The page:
Hemlock

Appearing along riverbanks and ditches Hemlock isn’t native to the UK. It grows in disturbed areas such as waste grounds and waste tips.Identified by a tall green plantwith purple spots on its stem and leaves similar to a carrot plant, it displays white flowers. If eaten hemlock can cause sickness and in severe cases can prove fatal by paralysing the lungs.

https://en.wikipedia.org/wiki/Cicuta#/media/File:Cicuta_douglasii.jpg

Stinging nettles

Stinging nettles are one of the most widespread plants in the UK. Covered in tiny, needle-like hairs nettles leaves are easily brushed against, breaking off the hairs which penetrate your skin, producing the familiar burning sensation, itches and a rash. Dock leaf is an effective natural remedy for the rash. If stung try to track down a dock leaf to rub on the rash. Dock leaves usually grow close to nettles.


Brown Tail Moth

The caterpillar lives with its fellows in a communal tent made of whitish silk, usually on the sunny side or at the tops of trees and bushes. When large, the caterpillars are dark brown with orangey brown hairs, with white tufts down their sides and two characteristic orange warts on the back. The adult moth is all white with a brown tuft of hairs at the end of the abdomen, hence the name.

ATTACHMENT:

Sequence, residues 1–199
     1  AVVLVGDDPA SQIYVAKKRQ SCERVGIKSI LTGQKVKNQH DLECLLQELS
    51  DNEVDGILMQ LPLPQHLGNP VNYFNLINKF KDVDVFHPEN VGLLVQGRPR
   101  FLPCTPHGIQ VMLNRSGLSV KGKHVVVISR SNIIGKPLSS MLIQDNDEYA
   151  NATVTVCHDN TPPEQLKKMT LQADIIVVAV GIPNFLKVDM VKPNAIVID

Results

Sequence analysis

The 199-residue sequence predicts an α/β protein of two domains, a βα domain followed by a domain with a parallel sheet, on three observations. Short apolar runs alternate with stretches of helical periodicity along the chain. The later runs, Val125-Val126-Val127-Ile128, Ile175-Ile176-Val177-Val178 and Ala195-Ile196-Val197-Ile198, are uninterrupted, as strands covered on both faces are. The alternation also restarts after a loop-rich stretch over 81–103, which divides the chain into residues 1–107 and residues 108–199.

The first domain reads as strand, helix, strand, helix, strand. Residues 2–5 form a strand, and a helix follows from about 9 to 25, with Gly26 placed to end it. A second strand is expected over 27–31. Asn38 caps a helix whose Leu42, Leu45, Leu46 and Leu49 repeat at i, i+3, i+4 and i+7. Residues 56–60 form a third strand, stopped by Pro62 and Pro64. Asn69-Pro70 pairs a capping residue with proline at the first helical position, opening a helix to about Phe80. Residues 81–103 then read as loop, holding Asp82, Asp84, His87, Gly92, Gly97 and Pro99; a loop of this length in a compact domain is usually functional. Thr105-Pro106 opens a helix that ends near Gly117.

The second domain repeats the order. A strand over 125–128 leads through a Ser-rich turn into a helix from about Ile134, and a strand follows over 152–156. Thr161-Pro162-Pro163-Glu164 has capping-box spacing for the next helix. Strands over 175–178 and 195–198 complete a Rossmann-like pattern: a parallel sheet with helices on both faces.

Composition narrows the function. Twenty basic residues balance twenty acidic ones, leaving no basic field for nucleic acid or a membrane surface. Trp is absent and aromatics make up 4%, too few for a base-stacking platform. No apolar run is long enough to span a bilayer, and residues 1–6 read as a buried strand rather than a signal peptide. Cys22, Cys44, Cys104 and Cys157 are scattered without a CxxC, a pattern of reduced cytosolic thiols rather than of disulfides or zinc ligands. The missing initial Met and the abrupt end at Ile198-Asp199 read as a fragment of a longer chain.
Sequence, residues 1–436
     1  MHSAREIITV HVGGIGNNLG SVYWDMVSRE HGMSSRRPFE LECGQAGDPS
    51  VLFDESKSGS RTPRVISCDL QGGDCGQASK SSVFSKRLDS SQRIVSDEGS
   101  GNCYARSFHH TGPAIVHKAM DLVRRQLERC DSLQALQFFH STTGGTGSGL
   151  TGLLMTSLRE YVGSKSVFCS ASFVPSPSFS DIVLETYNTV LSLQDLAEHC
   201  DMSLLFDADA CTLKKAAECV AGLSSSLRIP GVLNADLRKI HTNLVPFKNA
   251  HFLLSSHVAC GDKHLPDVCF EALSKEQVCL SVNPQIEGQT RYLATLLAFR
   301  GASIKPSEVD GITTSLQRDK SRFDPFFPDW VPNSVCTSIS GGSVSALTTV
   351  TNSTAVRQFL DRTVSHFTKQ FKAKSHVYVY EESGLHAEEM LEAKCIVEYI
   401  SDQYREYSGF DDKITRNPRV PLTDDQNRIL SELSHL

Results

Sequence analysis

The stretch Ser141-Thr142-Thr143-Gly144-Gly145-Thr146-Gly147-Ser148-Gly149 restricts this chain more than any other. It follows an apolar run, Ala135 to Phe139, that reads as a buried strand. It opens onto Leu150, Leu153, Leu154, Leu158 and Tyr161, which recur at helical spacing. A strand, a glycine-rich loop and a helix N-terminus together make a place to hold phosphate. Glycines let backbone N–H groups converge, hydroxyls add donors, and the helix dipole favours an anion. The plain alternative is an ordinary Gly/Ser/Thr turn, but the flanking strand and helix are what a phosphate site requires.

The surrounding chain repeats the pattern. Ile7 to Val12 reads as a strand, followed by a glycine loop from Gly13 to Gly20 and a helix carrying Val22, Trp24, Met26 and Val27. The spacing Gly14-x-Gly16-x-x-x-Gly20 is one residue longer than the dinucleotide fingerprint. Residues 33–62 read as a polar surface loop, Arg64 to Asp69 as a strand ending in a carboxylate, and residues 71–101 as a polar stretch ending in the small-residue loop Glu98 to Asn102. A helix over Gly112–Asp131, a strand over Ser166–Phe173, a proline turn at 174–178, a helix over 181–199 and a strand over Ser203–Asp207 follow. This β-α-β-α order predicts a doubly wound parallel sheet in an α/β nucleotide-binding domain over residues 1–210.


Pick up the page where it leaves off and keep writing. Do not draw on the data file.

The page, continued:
The loose hairs can break off and cause very itchy rashes on contact with skin, as well as breathing difficulties similar to asthma if inhaled. Rashes can persist for weeks

Don’t touch and try to stay away from areas where there are lots of them. The caterpillars are a problem in May and early June, much less so at other times. If they are in the house or on the garden furniture, put on vinyl gloves, pick them up and drop them in a bucket of soapy and salty water.

If you get the rash, which is often on the hands, arms and neck, apply antihistamine cream or calamine lotion. Symptoms should subside after a few hours, but seek medical help if you are unsure, or the reaction doesn’t lessen.